[Empty handed.
Chen Wen Chi, Director of the Department of International and Cross Strait Legal Affairs, Taiwan’s Ministry of Justice, shows the letter of Resident Representative Antonio Basillo of the Manila Economic and Cultural Office to Benjamin Ho of Taiwan’s Ministry of Foreign Affairs claiming a joint investigation inviting Taiwanese authority to; participate in a joint probe during a press conference in Makati City. DANNY PATA Empty handed. Chen Wen Chi, Director of the Department of International and Cross Strait Legal Affairs, Taiwan’s Ministry of Justice, shows the letter of Resident Representative Antonio Basillo of the Manila Economic and Cultural Office to Benjamin Ho of Taiwan’s Ministry of Foreign Affairs claiming a joint investigation inviting Taiwanese authority to; participate in a joint probe during a press conference in Makati City. DANNY PATA]

MANILA, MAY 20, 2013
(MANILA STANDARD) By Joyce Pangco Panares - Taiwanese investigators left the Philippines on Saturday, expressing dissatisfaction with Manila’s cooperation in probing the shooting death of a Taiwanese fisherman by the Philippine coast guard.

In a statement, investigating team leader Chen Wen-chi, director of Taiwan’s Department of International and Cross-strait Legal Affairs, said that the evidence showed that the May 9 shooting was intentional.

It also said Philippine law enforcers ignored international protocol, including warning the Taiwanese vessel.

The investigators said they decided to leave because of a lack of sincerity and cooperation by the Philippines.

The 14-man team that arrived Thursday reiterated a call for a joint investigation.

Justice Secretary Leila de Lima, however, has rejected the call, and instead urged Taiwan to wait for the Philippines to finish its “fair, thorough and expeditious probe.”

Deputy presidential spokesperson Abigail Valte reiterated De Lima’s statement, saying that a joint investigation with Taiwan was “not possible.”

“We have our own investigation, which is ongoing, and because of that we will not comment on the details (released by the Taiwanese probe team),” she said.

“We will defer to the progress updates that are being given by the NBI.”

But Chen said that evidence points to the shooting, which killed 65-year old fisherman Hung Shih-chen, was “intentional.”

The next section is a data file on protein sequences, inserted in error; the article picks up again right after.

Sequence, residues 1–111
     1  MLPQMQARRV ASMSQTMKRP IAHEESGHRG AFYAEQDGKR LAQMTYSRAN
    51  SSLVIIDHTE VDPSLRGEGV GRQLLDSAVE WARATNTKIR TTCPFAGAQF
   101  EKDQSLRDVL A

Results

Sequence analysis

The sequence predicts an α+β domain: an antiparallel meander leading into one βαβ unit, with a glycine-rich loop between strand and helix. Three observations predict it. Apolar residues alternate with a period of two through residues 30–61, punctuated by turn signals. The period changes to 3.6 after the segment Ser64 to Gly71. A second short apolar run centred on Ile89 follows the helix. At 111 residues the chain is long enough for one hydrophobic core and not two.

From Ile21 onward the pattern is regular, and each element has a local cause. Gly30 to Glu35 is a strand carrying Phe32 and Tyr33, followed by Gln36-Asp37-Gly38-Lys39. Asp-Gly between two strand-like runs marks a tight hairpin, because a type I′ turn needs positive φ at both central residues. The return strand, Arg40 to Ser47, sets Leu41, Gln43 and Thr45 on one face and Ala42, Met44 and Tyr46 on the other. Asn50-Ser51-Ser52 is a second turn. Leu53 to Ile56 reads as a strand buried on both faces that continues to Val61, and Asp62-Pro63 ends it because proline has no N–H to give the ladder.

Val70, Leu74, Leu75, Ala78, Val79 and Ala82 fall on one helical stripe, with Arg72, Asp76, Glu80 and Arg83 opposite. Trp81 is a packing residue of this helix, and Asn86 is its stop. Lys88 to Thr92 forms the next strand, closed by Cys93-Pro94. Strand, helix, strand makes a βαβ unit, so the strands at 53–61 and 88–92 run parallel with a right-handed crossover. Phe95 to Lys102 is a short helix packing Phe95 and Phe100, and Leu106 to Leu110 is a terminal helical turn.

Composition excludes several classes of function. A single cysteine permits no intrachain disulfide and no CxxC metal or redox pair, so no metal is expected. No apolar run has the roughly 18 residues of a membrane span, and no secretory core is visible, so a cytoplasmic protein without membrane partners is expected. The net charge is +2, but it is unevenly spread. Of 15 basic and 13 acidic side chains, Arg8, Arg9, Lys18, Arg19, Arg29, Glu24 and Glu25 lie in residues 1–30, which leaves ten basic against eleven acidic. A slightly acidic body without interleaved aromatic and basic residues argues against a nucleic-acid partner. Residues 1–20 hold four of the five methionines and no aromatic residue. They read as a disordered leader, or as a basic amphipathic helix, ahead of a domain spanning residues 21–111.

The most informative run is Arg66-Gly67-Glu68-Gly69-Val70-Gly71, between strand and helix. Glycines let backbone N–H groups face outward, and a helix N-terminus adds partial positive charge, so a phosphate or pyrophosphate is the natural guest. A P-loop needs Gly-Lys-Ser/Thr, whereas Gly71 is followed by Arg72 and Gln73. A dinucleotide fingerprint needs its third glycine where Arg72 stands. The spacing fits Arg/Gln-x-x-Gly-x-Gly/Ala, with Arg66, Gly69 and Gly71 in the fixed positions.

“By combining the evidences, it clearly shows that the Philippine law enforcers were intentionally shooting the Guang Ta Hsin 28 crew members, which indicates their intent of murder,” Chen said.

“This kind of behavior should not be conducted by a civilized country. We believe that the Philippine government would never allow for this kind of act to be done to its people,” she added.

Chen claimed that based on the video recorded by the Taiwanese fishing vessel, the incident “occurred within the exclusive economic zone of the Republic of China and not in the Philippine territorial waters.”

This was in contrast to the statement of Presidential spokesman Edwin Lacierda, who reported that the incident happened 48 nautical miles east of Balintang Channel, which is within Philippine territory.

Chen added that based on the forensic report, Hung died from a single gunshot wound on the neck from a high speed or powerful gun.

Based on the bullets collected from the fishing vessel, the ammunitions used were 7.62 mm caliber shots, most likely coming from an M14 rifle, M240, or M60 machine guns. The vessel was also shot by a total of 45 bullets.

“Most of those 45 bullets were shot at cockpit, in which the four crew members were hiding,” Chen said, belying an earlier Coast Guard statement that they only fired at the vessel’s engine portion.

Chen said slugs were not found on the surface of the fishing vessel, “thus omitting the possibility that Guang Ta Hsin 28 was trying to ram the Philippine law enforcement vessel which resulted in the defensive measure taken by the latter.”

She also urged the Aquino administration to present evidence to back its claim that the victim was at fault during the May 9 incident.